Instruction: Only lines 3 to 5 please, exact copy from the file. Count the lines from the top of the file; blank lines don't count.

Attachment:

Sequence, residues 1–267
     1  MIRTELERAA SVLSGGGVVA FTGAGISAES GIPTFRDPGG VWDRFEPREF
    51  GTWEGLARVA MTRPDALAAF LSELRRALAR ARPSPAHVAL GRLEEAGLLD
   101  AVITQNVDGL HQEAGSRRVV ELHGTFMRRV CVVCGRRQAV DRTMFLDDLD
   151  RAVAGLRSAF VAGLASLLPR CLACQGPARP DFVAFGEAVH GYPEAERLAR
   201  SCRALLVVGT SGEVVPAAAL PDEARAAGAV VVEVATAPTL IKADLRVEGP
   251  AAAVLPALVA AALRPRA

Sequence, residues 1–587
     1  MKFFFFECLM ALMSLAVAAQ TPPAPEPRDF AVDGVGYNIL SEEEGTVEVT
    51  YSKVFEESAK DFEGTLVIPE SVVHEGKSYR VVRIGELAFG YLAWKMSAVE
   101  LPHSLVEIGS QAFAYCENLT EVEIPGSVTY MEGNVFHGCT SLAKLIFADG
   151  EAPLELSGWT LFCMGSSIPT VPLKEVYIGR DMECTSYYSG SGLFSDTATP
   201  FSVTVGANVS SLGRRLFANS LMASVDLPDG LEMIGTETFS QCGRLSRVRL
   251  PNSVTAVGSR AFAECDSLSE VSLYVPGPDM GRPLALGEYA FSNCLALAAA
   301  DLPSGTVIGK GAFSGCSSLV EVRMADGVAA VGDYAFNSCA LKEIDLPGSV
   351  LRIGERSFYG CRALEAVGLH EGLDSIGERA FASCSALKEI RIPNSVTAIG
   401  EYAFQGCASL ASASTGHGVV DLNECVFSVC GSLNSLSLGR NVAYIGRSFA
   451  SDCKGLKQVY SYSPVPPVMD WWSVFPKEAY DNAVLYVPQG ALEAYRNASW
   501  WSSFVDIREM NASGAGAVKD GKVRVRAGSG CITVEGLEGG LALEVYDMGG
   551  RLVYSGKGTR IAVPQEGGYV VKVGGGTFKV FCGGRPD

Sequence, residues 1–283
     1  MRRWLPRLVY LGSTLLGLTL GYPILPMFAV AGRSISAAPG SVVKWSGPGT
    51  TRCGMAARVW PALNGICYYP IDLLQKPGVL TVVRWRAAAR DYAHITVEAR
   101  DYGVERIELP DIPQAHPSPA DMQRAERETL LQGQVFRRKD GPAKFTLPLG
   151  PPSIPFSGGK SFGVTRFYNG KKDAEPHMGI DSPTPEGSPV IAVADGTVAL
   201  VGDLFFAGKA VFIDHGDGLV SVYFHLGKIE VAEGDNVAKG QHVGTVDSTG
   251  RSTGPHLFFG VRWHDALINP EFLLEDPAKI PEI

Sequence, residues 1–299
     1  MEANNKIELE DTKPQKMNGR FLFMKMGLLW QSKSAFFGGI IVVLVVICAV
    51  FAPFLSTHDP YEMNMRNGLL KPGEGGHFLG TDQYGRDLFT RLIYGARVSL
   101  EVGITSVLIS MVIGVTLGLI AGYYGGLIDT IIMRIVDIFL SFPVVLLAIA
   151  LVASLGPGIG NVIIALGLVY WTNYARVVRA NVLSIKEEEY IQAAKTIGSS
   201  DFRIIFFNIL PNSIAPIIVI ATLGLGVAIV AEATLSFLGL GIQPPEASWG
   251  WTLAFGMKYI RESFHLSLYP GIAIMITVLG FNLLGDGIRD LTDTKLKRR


    51  GTWEGLARVA MTRPDALAAF LSELRRALAR ARPSPAHVAL GRLEEAGLLD
   101  AVITQNVDGL HQEAGSRRVV ELHGTFMRRV CVVCGRRQAV DRTMFLDDLD
   151  RAVAGLRSAF VAGLASLLPR CLACQGPARP DFVAFGEAVH GYPEAERLAR